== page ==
However, Xerasia’s lifespan was short. Later in 1990, the band underwent another transformation, changing its name to Embryonic. This change marked a continuation of their musical journey, a journey that was constantly evolving and searching for its true identity. In November of that year, Embryonic released a self-financed four-track demo titled “The Land of the Lost Souls.”
The following year, 1991, brought another important change. The band transformed once again, this time emerging as Thou Shalt Suffer. This project, now under a new banner, received an unexpected boost: a government grant. In Norway, the government actively supports cultural and artistic projects, offering financial assistance to artists and musicians. This funding was an important aid for Thou Shalt Suffer, likely helping to cover costs associated with music production and other band-related expenses.
Under the name Thou Shalt Suffer, the band released several recordings in 1990 and 1991. These releases were crucial in laying the groundwork for what would eventually become Emperor. However, this phase of collaboration was not to last forever. Samoth eventually left the band to pursue other projects, marking the end of this particular collaboration.
Ihsahn, undeterred, continued to evolve musically. He later repurposed the Thou Shalt Suffer name for a personal project, releasing an album of electronic music titled “Somnium.” This period of Ihsahn and Samoth’s early career was characterized by a series of changes in band names and musical explorations.
The Emergence of Emperor
The formation of Emperor marked an important milestone in the evolution of black metal. The band came into being when Samoth began to experiment with music outside of Thou Shalt Suffer. Collaborating with Ihsahn and a new bass player, Mortiis, they embarked on a journey that would see them rise to prominence in the black metal scene.
Emperor, with its distinctive blend of raw production, shrieking vocals, and fast guitar lines, quickly became a leading figure in the black metal genre, influencing countless artists.
In this new lineup, Samoth transitioned to rhythm guitar while Ihsahn took on vocal duties and lead guitars. The addition of Faust as a drummer completed the group, giving it a powerful and distinctive sound. Emperor’s early music was characterized by its raw production, high-pitched shrieking vocals, and fast, tremolo-picked guitar lines – hallmarks of early black metal.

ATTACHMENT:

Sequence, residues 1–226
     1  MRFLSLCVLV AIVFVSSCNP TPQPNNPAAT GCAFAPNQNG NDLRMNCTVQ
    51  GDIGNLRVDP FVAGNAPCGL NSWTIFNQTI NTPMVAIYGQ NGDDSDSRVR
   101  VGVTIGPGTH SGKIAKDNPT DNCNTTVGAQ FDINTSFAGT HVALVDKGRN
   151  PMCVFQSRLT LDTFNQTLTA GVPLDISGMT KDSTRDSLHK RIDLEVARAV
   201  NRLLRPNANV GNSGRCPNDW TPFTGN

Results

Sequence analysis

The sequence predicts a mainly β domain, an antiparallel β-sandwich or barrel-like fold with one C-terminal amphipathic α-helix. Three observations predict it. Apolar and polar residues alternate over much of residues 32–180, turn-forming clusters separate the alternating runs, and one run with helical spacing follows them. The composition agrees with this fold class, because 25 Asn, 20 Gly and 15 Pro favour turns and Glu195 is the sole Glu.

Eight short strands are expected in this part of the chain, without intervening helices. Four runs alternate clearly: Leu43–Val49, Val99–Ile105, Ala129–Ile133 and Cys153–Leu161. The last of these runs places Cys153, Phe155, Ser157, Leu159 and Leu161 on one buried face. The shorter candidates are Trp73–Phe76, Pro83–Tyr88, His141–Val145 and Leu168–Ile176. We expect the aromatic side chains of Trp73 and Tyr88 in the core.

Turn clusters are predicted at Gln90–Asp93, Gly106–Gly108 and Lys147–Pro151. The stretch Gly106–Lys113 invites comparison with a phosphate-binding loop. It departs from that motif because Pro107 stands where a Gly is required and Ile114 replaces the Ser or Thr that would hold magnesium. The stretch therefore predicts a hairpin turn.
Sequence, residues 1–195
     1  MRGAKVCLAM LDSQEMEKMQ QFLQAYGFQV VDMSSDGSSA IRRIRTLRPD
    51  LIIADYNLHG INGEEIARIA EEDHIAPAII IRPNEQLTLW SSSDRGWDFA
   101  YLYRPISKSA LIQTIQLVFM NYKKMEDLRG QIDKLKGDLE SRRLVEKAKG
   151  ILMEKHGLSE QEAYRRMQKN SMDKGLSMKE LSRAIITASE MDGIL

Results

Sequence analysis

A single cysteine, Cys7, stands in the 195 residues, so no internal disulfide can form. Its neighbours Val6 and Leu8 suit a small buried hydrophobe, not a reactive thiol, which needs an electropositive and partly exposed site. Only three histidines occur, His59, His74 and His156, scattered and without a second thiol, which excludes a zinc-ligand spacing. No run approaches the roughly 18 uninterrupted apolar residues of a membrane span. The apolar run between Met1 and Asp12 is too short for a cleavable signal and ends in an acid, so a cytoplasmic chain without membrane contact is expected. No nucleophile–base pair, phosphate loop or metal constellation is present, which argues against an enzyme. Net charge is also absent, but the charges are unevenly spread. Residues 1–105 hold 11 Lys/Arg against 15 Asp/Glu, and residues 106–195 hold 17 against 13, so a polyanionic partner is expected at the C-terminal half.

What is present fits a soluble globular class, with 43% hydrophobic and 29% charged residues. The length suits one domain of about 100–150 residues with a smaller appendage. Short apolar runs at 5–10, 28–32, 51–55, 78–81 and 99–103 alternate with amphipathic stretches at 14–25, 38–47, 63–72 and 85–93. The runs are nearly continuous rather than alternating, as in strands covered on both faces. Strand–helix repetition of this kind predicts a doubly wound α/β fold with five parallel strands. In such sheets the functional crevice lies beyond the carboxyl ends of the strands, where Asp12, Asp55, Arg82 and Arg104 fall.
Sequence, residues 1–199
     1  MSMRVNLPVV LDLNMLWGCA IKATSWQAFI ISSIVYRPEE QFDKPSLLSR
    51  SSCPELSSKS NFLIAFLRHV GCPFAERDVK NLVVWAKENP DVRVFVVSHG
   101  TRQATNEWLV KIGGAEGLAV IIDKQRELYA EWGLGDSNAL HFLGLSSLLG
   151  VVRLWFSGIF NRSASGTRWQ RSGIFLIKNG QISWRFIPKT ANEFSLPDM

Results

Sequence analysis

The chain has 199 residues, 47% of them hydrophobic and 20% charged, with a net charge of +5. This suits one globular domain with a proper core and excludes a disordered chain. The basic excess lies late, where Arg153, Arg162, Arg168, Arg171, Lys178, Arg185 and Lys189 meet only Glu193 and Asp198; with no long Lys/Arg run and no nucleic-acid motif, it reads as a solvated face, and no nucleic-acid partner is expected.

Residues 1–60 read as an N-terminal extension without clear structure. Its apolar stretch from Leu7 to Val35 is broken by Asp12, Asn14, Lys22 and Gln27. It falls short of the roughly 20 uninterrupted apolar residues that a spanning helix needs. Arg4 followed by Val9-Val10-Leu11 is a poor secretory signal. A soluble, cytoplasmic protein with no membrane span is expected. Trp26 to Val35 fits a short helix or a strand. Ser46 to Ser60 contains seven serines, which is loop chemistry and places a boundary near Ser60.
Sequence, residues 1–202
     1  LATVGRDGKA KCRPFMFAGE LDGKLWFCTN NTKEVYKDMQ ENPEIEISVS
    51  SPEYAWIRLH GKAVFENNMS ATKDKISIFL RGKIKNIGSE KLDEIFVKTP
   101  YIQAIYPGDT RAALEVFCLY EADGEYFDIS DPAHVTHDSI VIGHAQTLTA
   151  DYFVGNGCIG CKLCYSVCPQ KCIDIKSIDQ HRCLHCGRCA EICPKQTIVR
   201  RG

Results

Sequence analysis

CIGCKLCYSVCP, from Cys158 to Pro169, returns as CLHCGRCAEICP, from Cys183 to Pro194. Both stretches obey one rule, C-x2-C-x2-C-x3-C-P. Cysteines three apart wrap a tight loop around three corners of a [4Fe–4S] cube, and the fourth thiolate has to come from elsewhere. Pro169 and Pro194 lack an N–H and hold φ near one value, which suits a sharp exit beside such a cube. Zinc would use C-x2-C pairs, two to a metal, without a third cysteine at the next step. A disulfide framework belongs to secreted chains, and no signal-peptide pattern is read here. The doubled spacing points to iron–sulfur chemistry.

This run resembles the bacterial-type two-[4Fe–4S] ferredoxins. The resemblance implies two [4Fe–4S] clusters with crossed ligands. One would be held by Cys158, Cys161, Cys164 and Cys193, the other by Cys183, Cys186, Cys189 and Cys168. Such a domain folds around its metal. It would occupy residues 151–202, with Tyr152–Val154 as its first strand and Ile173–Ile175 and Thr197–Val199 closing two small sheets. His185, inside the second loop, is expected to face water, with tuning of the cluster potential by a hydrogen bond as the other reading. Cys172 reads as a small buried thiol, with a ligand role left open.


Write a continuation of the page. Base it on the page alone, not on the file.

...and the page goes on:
Drawing inspiration from pioneers like Bathory and Celtic Frost, Emperor’s style was both a homage to and an evolution of the first wave of black metal. Their influence is unmistakable in the band’s sound and thematic content, setting the stage for a new chapter in the genre’s development.
Emperor played their first gig on April 13th, 1992, sharing the stage with bands like Enslaved, Algol, and Infinite Decay. The band wasted no time in capitalizing on their growing reputation, quickly releasing a demo titled “Wrath of the Tyrant.” This demo, with its raw and uncompromising sound, quickly gained traction in the underground scene and caught the attention of Candlelight Records, leading to a record contract.
Under Candlelight Records, Emperor released their debut EP, aptly titled “Emperor.” This release further cemented their place in the black metal scene. Though they were briefly signed to Deathlike Silence Productions, the first black metal label, they did not release any material during this period.
It was with the release of their debut album “In The Nightside Eclipse,” and subsequent albums, that Emperor truly established themselves as a leading figure in the black metal genre. Their sound, evolving yet always true to its roots, played a important role in shaping the direction of black metal. Emperor’s influence extended far beyond their music; they became an emblem of the genre’s creative potential and its capacity for relentless innovation.